Presumably because carro is the more common word in the majority of Latin America (auto is used in some South American countries instead of carro). Coche is only used in Spain, a small portion of Mexico and Equatorial Guinea. Duo teaches Spanish that is more representative of Latin America (mostly preferring neutral Mexican with some variations), so using the most commonly used Latin American word for car makes sense. This doesn't explain why they've suddenly switched to preferring patata over papa in some parts of the course, though.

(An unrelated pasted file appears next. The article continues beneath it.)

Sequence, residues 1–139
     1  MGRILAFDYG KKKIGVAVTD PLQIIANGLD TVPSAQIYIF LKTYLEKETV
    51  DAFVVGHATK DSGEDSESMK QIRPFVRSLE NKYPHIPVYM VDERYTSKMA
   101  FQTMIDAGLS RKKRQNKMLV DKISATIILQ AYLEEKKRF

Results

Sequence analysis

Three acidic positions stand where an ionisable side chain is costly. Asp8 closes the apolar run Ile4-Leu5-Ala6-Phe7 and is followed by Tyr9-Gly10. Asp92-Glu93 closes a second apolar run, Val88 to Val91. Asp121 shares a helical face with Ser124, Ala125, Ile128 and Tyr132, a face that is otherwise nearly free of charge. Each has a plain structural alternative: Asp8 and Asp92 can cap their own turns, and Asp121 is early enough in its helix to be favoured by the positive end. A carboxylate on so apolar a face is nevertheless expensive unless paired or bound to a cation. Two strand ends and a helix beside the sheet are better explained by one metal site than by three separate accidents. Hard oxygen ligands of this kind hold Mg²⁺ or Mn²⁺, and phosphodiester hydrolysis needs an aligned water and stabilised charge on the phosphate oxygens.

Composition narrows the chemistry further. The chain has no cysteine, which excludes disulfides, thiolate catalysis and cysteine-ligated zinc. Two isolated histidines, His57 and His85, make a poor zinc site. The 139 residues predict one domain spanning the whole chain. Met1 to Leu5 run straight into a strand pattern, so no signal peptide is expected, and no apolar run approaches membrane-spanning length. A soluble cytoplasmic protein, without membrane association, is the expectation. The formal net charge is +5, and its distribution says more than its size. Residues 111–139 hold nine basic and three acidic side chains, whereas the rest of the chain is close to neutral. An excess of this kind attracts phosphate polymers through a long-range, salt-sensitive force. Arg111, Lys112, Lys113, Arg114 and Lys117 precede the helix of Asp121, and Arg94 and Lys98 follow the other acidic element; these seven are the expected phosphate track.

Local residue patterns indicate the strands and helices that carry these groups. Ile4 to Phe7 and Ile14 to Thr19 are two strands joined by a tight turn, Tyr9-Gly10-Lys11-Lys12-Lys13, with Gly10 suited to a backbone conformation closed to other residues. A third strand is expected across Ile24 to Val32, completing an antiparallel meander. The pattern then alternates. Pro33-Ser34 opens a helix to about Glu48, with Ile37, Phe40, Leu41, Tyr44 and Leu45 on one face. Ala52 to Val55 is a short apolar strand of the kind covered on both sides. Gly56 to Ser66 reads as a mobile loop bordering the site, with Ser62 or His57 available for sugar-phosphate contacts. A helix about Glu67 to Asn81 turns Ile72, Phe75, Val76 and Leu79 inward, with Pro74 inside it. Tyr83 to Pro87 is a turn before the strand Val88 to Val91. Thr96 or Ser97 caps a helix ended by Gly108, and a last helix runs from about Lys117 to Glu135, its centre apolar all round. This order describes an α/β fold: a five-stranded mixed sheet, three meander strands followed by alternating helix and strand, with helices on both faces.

I wondered the same thing, although I did note that "carro rápido" is more fun to say than "coche rápido"!